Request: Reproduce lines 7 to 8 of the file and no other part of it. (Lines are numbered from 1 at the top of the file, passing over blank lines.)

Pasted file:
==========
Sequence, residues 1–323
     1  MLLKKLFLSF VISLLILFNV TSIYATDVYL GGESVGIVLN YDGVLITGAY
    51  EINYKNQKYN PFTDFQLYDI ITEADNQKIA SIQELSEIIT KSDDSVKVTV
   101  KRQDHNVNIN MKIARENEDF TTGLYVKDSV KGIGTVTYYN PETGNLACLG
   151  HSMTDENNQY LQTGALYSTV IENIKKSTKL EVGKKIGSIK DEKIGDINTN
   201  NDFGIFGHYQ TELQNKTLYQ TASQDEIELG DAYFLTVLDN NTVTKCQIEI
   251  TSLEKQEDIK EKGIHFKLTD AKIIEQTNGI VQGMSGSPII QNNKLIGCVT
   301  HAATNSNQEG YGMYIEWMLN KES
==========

   251  TSLEKQEDIK EKGIHFKLTD AKIIEQTNGI VQGMSGSPII QNNKLIGCVT
   301  HAATNSNQEG YGMYIEWMLN KES